Paul Wheatley

Paul Wheatley

Last updated on 29 March 2023

Two of our major DPC resources - the Preservation Policy Toolkit and the Digipres Business Case Toolkit have just been significantly revised and relaunched, keyed in with our broader (re)launch of the DPC Australasia Office. In this blog post I'd like to give a few thoughts on sustainability of these (and other) DPC resources.

The digipres community does not have a great track record on sustaining its own digital outputs. The noughties were dominated by digital preservation projects with short term funding that churned out all sorts of resources, many of which have fallen by the wayside. I hold my hand up here and take some of the criticism as I worked on a number of those projects! At the same time I recognise that building in sustainability is not an easy thing to do. Short term funding focused on innovative R&D is by its very nature difficult to build in a way that will last. Ownership and responsibility is also a key challenge. Who will be the custodian over time and take the difficult decision to take down an old resource if it has genuinely become outdated or obsolete, or invest in the resource to bring it up to date?

I've tried to learn some of the lessons from the big project era, with some good results and some less so. So it's now of course really exciting to be working for an organization that has a sustainable footing and the resource and direction to manage its own digipres outputs properly. The toolkits mentioned above provide two great examples of that, and I'm going to throw in a third for free.

One of the most critical things underpinning the success of the Digital Preservation Coalition is its funding model. Like a great Northern Soul tune, it's certainly been a slow burner but ultimately a dancefloor filler. Starting with a handful of Members 21 years ago, we're now pushing 150. The membership fees and structure has made it viable for plenty of organizations to join and then get good value back. This in turn allows great investment in work, resources and community building for those Members and beyond. So kudos to those that designed the DPC in those early days, but what does that enable us to do now?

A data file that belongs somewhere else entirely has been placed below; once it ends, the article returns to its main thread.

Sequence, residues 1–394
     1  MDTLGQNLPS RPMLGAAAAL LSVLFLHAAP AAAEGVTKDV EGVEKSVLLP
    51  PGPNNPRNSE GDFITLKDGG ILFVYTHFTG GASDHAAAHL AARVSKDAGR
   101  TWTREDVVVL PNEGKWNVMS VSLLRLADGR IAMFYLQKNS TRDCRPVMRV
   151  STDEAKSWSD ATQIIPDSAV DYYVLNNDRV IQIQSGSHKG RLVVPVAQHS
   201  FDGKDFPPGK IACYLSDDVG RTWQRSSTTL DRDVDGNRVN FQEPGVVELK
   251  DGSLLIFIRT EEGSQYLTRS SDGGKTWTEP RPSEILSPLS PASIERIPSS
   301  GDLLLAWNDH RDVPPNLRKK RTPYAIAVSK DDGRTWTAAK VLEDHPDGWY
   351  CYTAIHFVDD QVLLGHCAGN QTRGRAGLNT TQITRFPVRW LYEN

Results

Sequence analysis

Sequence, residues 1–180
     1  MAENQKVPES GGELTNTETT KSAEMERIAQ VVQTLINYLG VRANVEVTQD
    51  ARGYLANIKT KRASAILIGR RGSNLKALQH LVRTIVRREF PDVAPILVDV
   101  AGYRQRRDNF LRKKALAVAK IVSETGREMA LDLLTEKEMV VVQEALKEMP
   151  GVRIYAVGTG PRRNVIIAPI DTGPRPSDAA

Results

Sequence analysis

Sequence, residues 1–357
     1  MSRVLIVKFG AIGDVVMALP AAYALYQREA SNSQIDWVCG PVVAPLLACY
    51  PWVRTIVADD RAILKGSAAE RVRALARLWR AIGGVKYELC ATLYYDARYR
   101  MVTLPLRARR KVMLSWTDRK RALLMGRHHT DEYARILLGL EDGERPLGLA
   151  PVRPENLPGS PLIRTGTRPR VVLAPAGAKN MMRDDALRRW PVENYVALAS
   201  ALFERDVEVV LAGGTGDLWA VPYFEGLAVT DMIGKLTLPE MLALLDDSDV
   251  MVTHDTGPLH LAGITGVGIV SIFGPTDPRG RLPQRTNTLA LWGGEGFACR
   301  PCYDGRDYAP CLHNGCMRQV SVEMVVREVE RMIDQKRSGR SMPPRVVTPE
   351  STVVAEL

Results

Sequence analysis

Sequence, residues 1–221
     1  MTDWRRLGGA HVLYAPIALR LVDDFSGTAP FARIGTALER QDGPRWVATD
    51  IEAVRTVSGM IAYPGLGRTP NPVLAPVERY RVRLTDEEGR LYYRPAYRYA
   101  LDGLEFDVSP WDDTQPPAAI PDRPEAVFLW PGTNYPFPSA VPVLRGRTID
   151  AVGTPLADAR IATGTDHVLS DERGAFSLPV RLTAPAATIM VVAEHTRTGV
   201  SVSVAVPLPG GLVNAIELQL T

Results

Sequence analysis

Well first up, we have the Digital Preservation Business Case Toolkit. This was developed as part of the Jisc funded Spruce Project a decade ago. By that point I was trying to learn the lessons and build in some sustainability for the project work I was doing. DPC hosted the Toolkit on its wiki - which worked quite well when we collaboratively book sprinted the resource into being but to be honest didn't help with its sustainability. It has lain mostly untouched all these years. It's also very out of date. We wrote it in an era when many digipres questions were still to be answered so a lot of the toolkit addresses how to make digipres happen in an organization. Nowadays we have answered many of those questions. So a Business Case Toolkit can focus just on just the business case bit! And that's what we've done with v2 of the Toolkit which is now available for all. Last year we held a book sprint to sift out the bits of the old toolkit that we liked and write lots of new and more focused material - thanks to all who participated! A significant follow up edit is always needed after a collaborative sprint, to draw all the threads together and make a cohesive resource. So the new toolkit is a really significant revamp and bears little relation to the original. I can imagine many cases where this kind of material would become so out of date that it would be retired and the world would move on. It's therefore great that the DPC can resource the revival, re-write and re-launch of a Toolkit that addresses such a critical part of the digipres challenge - securing funding to do your digipres work! This has only been possible because the DPC has in turn found a way to sustain support for the community.